French interior designer Frédéric Méchiche likes to indulge in a favorite pleasure — perusing realestate advertisements in Provence. This time he ended up with a new home. The newspaper notice simply stated: “19th-century Moorish house for sale.” No photo accompanied it.
“When I see a notice at an agent’s or on the Internet, I dream each time,” he confesses. “I see a film unroll in my head. Even if the place is abominable, my imagination conjures up what it could become. I adore that. There are several Orientalist houses in the South of France. I knew them all,” he says. “But I didn’t know this one. I took a rendezvous immediately.”
When he arrived at the house, nestled in the wild landscape of the Mont des Maures about nine miles up in the hills from Hyères, “the sky was black with clouds and it was pouring rain,” he recalls. “The terrace was as big as a football field, but with nothing on it, not a tree. The coupole — almost eight meters high — was covered in leaves and the Moorish arches had all been filled in. The house itself, built in 1894, was modern, a perfect cube like the Arabic architecture of tombs, but the façade was nineteenth-century Orientalist.”
He was intrigued by the coupole, a graceful dome that had been built of brick and covered in plaster. Méchiche recognized that the structure’s Swiss architect, who had designed buildings in Istanbul and France, knew how to replicate the style. “It was astonishing. The base and the coupole were perfect, but the interiors were terrible, the garden was a forest of bamboo. There was too much cement everywhere and sliding plastic windows, but that all helped save the rather fragile house.”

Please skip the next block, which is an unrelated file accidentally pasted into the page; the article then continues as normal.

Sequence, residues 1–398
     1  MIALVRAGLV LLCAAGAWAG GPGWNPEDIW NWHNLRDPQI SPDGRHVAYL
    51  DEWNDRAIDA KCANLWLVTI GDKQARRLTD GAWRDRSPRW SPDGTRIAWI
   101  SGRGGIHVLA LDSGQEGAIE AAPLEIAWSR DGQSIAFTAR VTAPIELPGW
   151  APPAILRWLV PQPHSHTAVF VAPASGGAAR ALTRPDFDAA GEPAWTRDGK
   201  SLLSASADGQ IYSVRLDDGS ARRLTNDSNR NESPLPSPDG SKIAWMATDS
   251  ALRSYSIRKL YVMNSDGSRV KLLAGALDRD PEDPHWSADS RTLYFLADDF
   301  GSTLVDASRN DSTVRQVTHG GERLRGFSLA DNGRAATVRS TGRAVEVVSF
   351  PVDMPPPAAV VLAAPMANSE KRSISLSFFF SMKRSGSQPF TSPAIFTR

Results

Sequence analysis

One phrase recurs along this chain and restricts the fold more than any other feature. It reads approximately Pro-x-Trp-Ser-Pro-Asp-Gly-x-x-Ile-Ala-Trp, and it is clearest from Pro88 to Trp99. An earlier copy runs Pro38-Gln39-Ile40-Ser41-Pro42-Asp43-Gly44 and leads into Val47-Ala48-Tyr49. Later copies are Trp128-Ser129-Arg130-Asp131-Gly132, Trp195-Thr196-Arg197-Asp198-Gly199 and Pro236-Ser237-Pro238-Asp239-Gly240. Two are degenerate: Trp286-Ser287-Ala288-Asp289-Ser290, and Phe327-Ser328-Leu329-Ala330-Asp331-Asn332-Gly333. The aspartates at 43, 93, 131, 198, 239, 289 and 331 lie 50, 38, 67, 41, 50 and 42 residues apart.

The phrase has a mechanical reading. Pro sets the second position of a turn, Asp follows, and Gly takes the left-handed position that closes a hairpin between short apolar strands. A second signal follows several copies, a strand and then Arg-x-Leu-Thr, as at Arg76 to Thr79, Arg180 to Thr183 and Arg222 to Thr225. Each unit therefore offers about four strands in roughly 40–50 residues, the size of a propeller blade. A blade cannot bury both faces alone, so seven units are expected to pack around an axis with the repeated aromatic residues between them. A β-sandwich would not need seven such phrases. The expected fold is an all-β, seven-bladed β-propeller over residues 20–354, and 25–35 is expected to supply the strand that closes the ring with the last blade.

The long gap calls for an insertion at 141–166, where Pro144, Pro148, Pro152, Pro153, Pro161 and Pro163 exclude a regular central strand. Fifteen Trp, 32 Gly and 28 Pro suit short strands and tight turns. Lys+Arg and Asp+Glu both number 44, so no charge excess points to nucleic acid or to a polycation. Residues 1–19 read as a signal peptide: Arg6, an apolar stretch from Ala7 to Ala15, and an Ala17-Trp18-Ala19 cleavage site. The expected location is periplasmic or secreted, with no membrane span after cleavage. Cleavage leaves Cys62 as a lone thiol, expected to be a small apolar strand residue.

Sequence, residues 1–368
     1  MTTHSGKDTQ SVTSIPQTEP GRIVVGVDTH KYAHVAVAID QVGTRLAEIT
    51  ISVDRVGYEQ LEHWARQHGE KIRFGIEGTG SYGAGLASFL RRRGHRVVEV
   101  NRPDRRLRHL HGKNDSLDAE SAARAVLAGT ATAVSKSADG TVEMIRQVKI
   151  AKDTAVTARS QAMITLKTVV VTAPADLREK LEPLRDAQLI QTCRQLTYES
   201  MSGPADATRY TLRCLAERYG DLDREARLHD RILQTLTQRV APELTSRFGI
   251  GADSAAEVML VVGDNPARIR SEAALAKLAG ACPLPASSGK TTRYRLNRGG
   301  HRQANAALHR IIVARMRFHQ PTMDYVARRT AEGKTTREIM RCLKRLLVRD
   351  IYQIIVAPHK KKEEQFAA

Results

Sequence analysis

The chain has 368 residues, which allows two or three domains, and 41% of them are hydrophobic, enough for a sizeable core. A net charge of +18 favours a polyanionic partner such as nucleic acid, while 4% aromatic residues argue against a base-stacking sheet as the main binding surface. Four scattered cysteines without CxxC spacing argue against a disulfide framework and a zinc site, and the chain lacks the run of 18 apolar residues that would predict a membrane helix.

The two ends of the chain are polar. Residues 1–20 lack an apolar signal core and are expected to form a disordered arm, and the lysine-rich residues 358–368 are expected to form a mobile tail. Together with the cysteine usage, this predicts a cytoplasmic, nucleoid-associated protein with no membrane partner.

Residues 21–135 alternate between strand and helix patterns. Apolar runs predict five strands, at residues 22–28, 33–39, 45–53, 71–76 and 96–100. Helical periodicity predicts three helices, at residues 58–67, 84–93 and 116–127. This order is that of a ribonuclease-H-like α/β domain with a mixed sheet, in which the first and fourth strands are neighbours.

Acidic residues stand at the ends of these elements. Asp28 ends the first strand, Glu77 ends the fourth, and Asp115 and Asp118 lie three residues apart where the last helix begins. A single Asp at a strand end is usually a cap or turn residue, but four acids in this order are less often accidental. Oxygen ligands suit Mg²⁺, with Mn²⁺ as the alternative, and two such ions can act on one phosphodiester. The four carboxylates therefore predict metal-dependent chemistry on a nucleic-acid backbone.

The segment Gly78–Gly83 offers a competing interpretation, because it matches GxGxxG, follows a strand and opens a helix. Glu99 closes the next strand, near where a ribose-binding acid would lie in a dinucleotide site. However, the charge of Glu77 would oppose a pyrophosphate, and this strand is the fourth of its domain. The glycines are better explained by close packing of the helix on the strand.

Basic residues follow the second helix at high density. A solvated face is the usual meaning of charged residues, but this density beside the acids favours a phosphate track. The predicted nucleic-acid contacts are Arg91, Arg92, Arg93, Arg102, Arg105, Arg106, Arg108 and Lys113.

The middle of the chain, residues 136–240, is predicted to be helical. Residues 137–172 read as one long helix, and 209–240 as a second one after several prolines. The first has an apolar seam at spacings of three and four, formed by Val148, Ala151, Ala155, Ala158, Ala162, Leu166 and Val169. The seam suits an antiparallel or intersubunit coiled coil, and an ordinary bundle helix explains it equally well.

The designer was smitten. “I suddenly had a flash of the Algerian house of my childhood, a background that is pure and simple,” he says. “My father was a doctor, he admired architecture and collected antique ceramics. And there was an English colony there, so I knew several English houses.”
He looked at the house with his professional eye. “I don’t pay attention to the ugly, the nightmare of horrible tiles and plastic,” he explains. “The interior décor can be changed.” Instead, he looked at the house carefully — its location, how it was positioned on the site, how the light comes into the salon, the volumes, height of the ceilings, shape of the windows.
And what he found pleased him. “In some houses you can see in three seconds from the exterior what you will find inside, as if you had already visited it,” he says. “Here, it is a little labyrinth. When friends first come they get lost inside.”
Even though it is small in measure, the house is not small in esprit. Volumes zoom from low ceilings in the library and small sitting room, sited in the former stables, which he incorporated into the layout, to the soaring dome in the grand salon. “It’s a mini-palace, full of different corners, ups and downs, large and small spaces, an architecture in miniature with different ambiances,” he says.
The winter garden, the pièce de résistance, demonstrates the eye of an artist. Walls gleam with an exotic shade of green mixed by Méchiche himself from gouache paints to which he added “a point of blue or a touch of umber until I got the color of Matisse’s painting when he was in Tangiers.”